• Chief Course Builder

    Summary:  This job is for the person who is NOT spatially challenged.  It is someone who can read a course map, and then direct setting up the equipment to match the course map.

    The Chief Course builder is responsible for recruiting and training people to help build each course during the trial. They also work closely with the judges on the course layout.  This is one of the key positions that keeps a trial on schedule.  The course builders must be efficient and able to provide fast equipment changes including repairing last minute equipment failures.

  • Chief Ring Steward

    Chief Ring Steward

    Summary:  This position is a little like being a military recruiter at a college.  You work to get people to join up, and then assign them a position and a report time.

    Recruiting is the primary duty of the Chief Ring Steward.  Recruiting for all the ring staff at each trial, and arranging their work schedules so they can run their dogs, help out the club, and have a great trial.  This is a big job because the chief ring steward is trying to fill up to 600 time slots juggling up to 150 volunteers.  Because of this, many chief ring stewards recruit assistant ring stewards to help at the trial.  The chief ring steward also ensures that the recruits know how to perform their positions, know where they need to be and when they need to be there.  This is most often accomplished through development of trial schedule.  The schedule displays who works, where, and when, and is posted at each ring to help remind the recruits who’s up first.  One to two weeks prior to the trial, the Chief ring steward contacts all the workers to ensure their availability, and to answer any questions about the positions they will be filling.  At the trial, the chief then manages each ring ensuring adequate staff is available to keep the trial running smoothly throughout the day.  This position requires flexibility, a cool head when the judge is yelling,  where’s my scribe, and a good sense of humor to help with all the participants individual scheduling quirks (I will help, but I am running 8 dogs, and I can only help on the first Thursday of the 9th month from 1-3pm – But, I really want to help!).  As you can imagine, the last minute changes and no shows by volunteers can keep this person running.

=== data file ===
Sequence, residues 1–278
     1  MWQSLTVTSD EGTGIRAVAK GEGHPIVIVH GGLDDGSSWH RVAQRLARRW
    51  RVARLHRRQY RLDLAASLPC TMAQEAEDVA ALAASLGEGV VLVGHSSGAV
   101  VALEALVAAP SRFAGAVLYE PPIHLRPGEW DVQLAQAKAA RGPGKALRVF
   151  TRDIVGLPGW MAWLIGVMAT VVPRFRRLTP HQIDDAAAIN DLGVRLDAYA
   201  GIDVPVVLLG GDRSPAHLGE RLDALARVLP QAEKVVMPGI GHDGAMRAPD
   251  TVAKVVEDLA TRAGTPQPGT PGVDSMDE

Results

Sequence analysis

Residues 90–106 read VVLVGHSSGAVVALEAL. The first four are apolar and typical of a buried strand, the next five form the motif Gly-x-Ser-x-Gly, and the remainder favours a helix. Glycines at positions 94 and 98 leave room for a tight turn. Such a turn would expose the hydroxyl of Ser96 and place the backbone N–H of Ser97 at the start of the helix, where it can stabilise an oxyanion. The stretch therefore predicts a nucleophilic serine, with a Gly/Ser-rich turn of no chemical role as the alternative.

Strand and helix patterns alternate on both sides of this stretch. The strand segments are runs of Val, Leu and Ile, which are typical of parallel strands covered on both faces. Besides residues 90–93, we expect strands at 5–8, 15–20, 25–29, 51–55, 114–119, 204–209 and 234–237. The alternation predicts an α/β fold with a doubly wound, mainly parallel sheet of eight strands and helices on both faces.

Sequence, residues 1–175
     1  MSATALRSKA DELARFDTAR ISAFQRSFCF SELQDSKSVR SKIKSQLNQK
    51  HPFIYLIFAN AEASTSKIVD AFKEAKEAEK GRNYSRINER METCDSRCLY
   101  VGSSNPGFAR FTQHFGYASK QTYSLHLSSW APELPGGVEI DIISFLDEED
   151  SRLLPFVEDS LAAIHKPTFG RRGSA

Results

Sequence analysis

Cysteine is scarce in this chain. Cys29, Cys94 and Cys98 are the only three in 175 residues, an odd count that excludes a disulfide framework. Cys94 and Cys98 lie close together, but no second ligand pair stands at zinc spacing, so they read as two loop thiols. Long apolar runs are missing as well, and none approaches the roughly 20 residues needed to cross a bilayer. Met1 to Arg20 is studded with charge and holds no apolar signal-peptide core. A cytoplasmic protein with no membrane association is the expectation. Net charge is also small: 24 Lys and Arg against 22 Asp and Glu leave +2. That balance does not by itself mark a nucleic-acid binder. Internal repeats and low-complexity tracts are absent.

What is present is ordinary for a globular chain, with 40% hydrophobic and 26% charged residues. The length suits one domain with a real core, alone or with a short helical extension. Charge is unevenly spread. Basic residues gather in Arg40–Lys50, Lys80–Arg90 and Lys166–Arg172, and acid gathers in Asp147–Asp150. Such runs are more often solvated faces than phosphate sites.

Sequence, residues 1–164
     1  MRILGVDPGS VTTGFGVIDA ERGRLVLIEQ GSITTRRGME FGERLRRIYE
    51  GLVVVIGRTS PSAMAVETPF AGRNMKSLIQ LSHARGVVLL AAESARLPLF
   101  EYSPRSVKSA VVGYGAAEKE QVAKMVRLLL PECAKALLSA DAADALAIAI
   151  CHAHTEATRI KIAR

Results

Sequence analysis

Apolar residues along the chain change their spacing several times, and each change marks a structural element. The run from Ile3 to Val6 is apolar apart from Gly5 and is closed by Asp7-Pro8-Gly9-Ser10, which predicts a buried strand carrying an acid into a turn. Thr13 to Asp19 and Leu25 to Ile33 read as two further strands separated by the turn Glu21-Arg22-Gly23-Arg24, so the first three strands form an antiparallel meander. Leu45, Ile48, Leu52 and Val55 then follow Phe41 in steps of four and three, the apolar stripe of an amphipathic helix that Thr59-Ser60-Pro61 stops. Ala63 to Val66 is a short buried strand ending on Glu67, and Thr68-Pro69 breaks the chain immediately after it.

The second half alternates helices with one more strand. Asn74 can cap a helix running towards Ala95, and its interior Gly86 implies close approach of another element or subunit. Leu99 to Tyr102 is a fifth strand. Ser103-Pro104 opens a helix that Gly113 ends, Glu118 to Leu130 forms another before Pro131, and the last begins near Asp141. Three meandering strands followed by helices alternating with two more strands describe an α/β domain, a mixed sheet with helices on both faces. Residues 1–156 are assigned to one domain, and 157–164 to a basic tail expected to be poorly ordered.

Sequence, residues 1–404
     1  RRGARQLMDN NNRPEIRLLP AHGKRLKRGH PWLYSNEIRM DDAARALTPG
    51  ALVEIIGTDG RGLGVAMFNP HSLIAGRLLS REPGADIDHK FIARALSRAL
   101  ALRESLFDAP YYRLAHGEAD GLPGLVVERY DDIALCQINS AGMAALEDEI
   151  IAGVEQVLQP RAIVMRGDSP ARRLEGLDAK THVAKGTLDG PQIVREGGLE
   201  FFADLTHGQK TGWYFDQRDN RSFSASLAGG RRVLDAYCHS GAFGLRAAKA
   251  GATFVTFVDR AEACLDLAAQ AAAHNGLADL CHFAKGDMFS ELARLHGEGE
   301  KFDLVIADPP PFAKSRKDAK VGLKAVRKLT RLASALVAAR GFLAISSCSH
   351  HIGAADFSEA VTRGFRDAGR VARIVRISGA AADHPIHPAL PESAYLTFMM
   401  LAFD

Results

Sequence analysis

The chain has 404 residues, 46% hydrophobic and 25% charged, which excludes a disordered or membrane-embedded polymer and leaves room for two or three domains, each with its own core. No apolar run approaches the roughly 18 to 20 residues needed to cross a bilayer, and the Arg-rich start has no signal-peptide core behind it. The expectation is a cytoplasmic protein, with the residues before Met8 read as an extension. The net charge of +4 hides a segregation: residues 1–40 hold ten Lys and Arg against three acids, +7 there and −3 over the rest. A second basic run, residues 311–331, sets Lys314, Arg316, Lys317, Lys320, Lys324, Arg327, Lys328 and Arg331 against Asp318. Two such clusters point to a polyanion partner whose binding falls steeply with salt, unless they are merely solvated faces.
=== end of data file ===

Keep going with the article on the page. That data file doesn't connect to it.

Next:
• Equipment Manager

    Equipment Manager

    Summary: The primary responsibility is to ensure the required equipment arrives on time, is in operable condition, and is all returned to the club trailer at the end of the event.

    The equipment manager does exactly what their title indicates; they manage the necessary trial equipment.  They ensure there is adequate equipment for each ring and course design throughout the trial. They need to coordinate its arrival and ensure the departure of all the equipment at the end of the event.


So there you have it.

A brief explanation of the key trial committee positions.  Sound interested?  Want to know more?  Why not jump in and try it out by volunteering to serve on a committee.  The following lists the 2002 trial committees.  As you can see, many positions have not been filled yet.  As one trial is completed,  a new committee is needed for the next year’s trial.  If you are interested in any of the positions contact the trial chair.  If you are interested in becoming a trial chair please contact our club president.


No Replies to "So you want to be a..."

    Got something to say?

    Some html is OK